3D micromechanisms in mushy alloy deformation

The UK metal casting industry employs ~30,000 people, contributes ~£2.5 billion per year to the economy, and plays a key role in manufacturing across the automotive, aerospace, defence, and energy sectors. However, there is strong global competition in metal casting which drives manufacturers to seek ways to minimise casting defects such as pores and cracks whilst reducing cost. This research carried out by a team of scientists from the Imperial College London, University of Manchester, and Diamond Light Source focuses on understanding the deformation behaviour of solidifying metals and the origin of casting defects so that physically-based models of defect formation can be developed.

Beamline I12 Scientific Highlight

Damaging casting defects often form late during solidification when a network of solid exists that is subjected to load. Current interpretations of semi-solid alloy deformation are based on so-called ‘post-mortem’ analyses of fully-solid samples, and many of the interpretations are mutually exclusive. Therefore, it was necessary to test the ideas developed from post-mortem studies by directly observing the phenomena in situ. Diamond’s Joint Engineering, Environment and Processing (JEEP) beamline, I12, was used to capture a series of 3D images of semi-solid deformation in real-time, enabling the team to directly test previously proposed micromechanics in semi-solid alloys and to prove the active mechanisms.

The results show that compression of the semi-solid metal leads only to compaction for a solid fraction below a certain limit. Above this limit, the compression of the slurry actually pushes the grains apart, which sucks in the melt phase and leads to the drying out of the outer surface.

 

Figure 1: 3D grain mechanisms at 73% solid. a) Transversal (xz) tomographic slices of uniaxial compression (white is liquid, mid-grey is solid, dark grey is air); b) discrete grain rotation in the whole specimen for a 2% incremental axial strain; (c) dilation of 15- grain assemblies in continuous contact.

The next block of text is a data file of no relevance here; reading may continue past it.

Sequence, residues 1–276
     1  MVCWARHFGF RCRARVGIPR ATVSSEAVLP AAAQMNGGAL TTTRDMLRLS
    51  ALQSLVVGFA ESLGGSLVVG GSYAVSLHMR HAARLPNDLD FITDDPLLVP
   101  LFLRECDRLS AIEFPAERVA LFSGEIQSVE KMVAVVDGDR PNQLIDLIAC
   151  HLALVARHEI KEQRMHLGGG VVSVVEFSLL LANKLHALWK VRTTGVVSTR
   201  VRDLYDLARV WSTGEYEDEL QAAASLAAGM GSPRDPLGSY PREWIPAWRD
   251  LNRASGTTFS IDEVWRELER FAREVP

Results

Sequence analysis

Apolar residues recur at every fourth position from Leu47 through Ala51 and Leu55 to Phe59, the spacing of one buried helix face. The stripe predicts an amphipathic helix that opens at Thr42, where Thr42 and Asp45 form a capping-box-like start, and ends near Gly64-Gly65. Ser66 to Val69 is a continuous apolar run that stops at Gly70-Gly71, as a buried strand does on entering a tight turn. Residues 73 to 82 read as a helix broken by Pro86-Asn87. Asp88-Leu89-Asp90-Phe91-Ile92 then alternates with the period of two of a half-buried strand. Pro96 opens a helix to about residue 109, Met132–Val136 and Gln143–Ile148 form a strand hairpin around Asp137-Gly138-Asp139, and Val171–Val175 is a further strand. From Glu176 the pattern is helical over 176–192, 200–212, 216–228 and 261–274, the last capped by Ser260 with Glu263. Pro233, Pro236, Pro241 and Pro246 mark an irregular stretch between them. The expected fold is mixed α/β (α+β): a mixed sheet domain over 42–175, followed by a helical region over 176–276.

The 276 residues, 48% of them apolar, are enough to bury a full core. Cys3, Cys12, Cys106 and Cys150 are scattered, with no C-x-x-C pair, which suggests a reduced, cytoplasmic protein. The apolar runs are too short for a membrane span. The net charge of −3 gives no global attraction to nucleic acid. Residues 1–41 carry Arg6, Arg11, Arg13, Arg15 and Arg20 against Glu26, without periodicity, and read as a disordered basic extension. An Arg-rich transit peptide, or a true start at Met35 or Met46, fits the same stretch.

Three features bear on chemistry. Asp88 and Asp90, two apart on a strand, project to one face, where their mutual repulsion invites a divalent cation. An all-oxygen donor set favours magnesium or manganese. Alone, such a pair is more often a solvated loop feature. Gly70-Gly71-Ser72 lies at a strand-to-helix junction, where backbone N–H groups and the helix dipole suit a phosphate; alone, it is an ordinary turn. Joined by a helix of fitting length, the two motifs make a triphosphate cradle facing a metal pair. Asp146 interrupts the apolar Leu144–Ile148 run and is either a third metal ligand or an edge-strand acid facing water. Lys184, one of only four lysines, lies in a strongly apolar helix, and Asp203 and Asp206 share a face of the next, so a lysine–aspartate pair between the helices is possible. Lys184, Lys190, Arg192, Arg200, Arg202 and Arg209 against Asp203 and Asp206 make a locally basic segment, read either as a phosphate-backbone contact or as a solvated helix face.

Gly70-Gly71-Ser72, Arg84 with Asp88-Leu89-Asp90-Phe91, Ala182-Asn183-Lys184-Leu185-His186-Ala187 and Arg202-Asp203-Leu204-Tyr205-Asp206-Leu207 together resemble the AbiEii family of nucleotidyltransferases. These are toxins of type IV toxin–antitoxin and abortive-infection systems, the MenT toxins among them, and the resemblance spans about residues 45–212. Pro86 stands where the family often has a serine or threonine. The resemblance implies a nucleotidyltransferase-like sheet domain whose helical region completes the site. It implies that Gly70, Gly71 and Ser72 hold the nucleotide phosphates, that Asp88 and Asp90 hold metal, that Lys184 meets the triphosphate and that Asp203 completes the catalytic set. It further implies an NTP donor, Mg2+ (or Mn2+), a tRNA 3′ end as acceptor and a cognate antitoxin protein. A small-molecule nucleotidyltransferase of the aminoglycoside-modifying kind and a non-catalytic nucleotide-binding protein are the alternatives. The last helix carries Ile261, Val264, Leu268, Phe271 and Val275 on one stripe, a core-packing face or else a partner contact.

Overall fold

A wide range of materials deform as a granular fluid, from cornstarch slurries to soils, rock, and magma flows. This work has shown that semisolid metallic alloys exhibit behaviour similar to that of mainstream granular solid-liquid mixtures, which has enabled a better understanding of alloy flow behaviour and the formation of defects during metal casting. Using high-speed synchrotron tomography on the JEEP beamline (I12) at Diamond, the discrete aluminium grain response was directly imaged and measured during uniaxial compression of aluminium-copper alloys. This showed that the stress-strain response at 64-93% solid was due to the shear-induced dilation of discrete rearranging grains. Uniaxial compression also opened pre-existing internal voids as well as drew the free surface of the specimen into the liquid, resulting in cracking under compression.

 

Figure 2: Porosity behaviour at 64% and 93% solid. 3D rendering of the evolution of a randomly selected pore at a) 64% solid, showing pore closure, and b) 93% solid, showing pore opening.

Creating an engineering component from metal involves solidifying liquid metal at some stage during processing. Solidification invariably creates casting defects such as porosity or tears, which usually develop once solidification has produced a solid network and permeability in the solidifying casting has started to drop. Understanding casting defects therefore requires an understanding of the deformation behaviour of mushy alloys with a high solid fraction.

There are currently several hypothesised micromechanisms for the deformation behaviour of semi-solid alloys with a large amount of solid, such as the viscoplastic deformation of a continuous porous solid metallic skeleton1 (similar to a liquid saturated sponge), the deagglomaeration of a flocculated metallic suspension2 (similar to dispersed clay slurries), or the granular rearrangement of quasi-rigid cohesionless metallic grains3 (similar to a saturated particulate soil). However, most of the current interpretations of mushy alloy rheology are based on bulk mechanical data and postmortem microscopy and microstructural analysis, and many of the proposed micromechanisms have never been observed in the context of large 3D specimen deformation under the right conditions. In addition, many industrial casting processes apply pressure to control porosity to varying degrees of success, with pressure being effective at reducing casting porosity4 but, in excess, leading to cracks and tears5. The link between pressure and porosity was therefore unclear.

High-speed synchrotron tomographic imaging was performed on uniaxial compression of Al-Cu alloys with globular (a-Al) grains at 64, 73, 86 and 93% solid. These experiments enabled the direct identification of the 3D grain-scale mechanisms of deformation and an understanding of how they relate to the stress-strain response and lead to casting defects over a range of solid fractions.